Strengthening Constitutional Self-Government

No Left Turns

Here’s Where We Need the "Surge"

In Afghanistan, there has been a dramatic increase in the number of attacks on U.S. and allied forces by Taliban members who seek to reestablish their hold over the country. Currently there are only 24,000 U.S. troops in that country, where the Al-Qaeda presence is considerably stronger than it is in Iraq. Moreover, Al-Qaeda and the Taliban are operating with the tacit assistance of the Pakistanis, who are tolerating insurgent sanctuaries within their borders.

Discussions - 8 Comments


You’re wrong.

The Opium trade is such a profitable business, and the Afghans are so poor that I seriously believe that as long as such drugs are not commercialized, there will always be a Cartel out of economic necessity. Basically Al-Queda and the Taliban are drug cartels with an ideological/religious inspired hate of the United States. Even if we could whipe out Al-Queda and say Mission accomplished...a new cartel would almost instantly develop. In a properly Machiavellian world we would sponsor a pro-american drug cartel...or we would commercialize/socialize Opium. Short of this Afghanistan is a waste of time. The need to grow Opium is economically necessitated. The need to be able to sell the Opium that is grown requires guns and smuggling knowledge. A proffesional Militia such as Al-Queda fills this need. Basically Afghanistan is just as much part of the war on terror as it is a part of the war on drugs...

You’re right, John. U.S. drug policy has repeatedly interfered with foreign policy (as did Prohibition in the 1920s). It’s not only a problem in Afghanistan, but in much of Latin America as well.

Isn’t the surge aimed at Iraq, and not (typically) where this problem and bin Laden are?

That’s right, Fung--hence the title of my post. If I knew of some way to italicize the text of post titles I would’ve put more emphasis on the word "Here’s."

John- My ADD is showing. I read that as ’why," not "where." Please excuse me.

Fung, Iraq also has a lot of problems with Smuggling. In particular the policy of subsidizing the fuel price in Iraq leads to very long fuel lines...but albeit it is not quite as profitable and the people are in general better off...fuel smuggling into Turkey and Syria is somewhat profitable. The Iraqi Police being somewhat inclined towards bribes and insurgents being resourceful when it comes to making a little extra cash...a lot of subsidized Iraqi fuel is supposedly smuggled out of the country. A lot of the fuel is also horded up and resold at higher than the subsidized those who do not wish to wait three hours in a fuel line. So in a sense the Iraqi insurgency is also somewhat subsidized by the unintended consequences of the Iraqi governments decision to subsidize fuel. So In Iraq we have on a lesser scale a similar formula to Afghanistan. Weak rule of law+economic possibilities/necessities=opportunitiesfor those with guns+connections(i.e. insurgents)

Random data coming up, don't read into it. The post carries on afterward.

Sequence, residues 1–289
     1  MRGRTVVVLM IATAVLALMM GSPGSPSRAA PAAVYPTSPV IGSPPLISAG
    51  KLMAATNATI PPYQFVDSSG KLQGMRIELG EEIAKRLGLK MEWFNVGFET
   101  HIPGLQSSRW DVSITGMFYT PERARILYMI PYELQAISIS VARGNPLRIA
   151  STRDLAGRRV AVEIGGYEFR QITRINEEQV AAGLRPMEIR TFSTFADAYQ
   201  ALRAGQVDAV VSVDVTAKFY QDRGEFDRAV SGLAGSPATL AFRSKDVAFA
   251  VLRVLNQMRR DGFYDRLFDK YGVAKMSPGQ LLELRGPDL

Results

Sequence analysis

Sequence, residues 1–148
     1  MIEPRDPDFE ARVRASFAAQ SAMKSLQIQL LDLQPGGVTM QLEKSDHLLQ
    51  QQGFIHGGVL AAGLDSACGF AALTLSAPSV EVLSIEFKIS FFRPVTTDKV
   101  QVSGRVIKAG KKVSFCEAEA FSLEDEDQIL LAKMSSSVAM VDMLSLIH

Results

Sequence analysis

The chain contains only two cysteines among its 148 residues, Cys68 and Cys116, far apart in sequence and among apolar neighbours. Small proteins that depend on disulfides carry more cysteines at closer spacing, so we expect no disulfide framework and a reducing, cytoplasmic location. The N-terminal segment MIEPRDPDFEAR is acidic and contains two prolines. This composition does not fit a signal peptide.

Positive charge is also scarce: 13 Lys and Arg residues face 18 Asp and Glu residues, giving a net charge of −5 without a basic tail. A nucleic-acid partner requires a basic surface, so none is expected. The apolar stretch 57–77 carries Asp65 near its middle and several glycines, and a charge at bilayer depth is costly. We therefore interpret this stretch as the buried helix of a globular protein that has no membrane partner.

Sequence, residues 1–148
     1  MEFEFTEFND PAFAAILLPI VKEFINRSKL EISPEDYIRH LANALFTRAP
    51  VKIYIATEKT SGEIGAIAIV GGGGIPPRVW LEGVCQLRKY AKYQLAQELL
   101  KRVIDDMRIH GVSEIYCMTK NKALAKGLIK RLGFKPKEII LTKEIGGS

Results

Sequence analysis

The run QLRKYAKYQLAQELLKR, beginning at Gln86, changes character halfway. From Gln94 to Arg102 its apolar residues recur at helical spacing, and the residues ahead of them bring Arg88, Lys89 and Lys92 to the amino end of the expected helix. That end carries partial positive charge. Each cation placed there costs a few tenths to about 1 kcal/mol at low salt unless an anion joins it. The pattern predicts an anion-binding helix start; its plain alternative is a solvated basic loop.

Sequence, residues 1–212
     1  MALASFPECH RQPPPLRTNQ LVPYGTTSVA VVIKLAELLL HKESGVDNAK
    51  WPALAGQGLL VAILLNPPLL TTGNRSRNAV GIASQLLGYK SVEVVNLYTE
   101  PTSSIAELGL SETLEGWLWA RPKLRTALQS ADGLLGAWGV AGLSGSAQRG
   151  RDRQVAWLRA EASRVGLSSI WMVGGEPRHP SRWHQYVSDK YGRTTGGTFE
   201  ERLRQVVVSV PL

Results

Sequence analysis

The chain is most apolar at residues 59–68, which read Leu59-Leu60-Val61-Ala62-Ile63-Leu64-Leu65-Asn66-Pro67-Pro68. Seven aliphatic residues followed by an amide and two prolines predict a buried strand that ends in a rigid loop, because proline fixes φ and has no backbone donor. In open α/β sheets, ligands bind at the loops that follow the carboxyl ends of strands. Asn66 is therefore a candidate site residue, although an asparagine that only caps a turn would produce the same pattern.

I have no clue on the extent to which fuel racketering is a problem in Iraq...but I have seen fuel lines that stretch for 2-3 miles...roadside stands that price-gouge fuel in small quatities...and a lot of stranded motorist along the MSR’s. I think I remmember reading in the Arab Times that the Iraqi secretary of the interior put the economic cost of fuel smuggling in the neighborhood of $3 Billion. I know that fuel is valuable enough to the Iraqi’s that they would risk life and limb to climb unto our moving convoys and attempt to siphon it out of our tanks into improvised containers...of course they would also sometimes risk life/death to grab a few metal chains, a spare tire or some MRE’s...if it wasn’t secured it was at risk. This is especially true of the people living near the Iraq/Kuwait border.

My humble suggestion to the Iraqi’s quit subsidizing fuel...of course this would be unpopular...because people would say that this hurts the poor...but if you put Iraq on a bell curve my guess would be that only the upper-middle class/rich (top 25%) own cars/trucks in the first place. It should also eliminate long lines for fuel...and render fuel smuggling a thing of the past. Of course I think the subsidies on Fuel also include Kero and other cooking fuels that are widely used...but effectively fuel subsidies end up being a chimera anyways once you figure in the costs inherent in the inefficient/corrupt? distribution.

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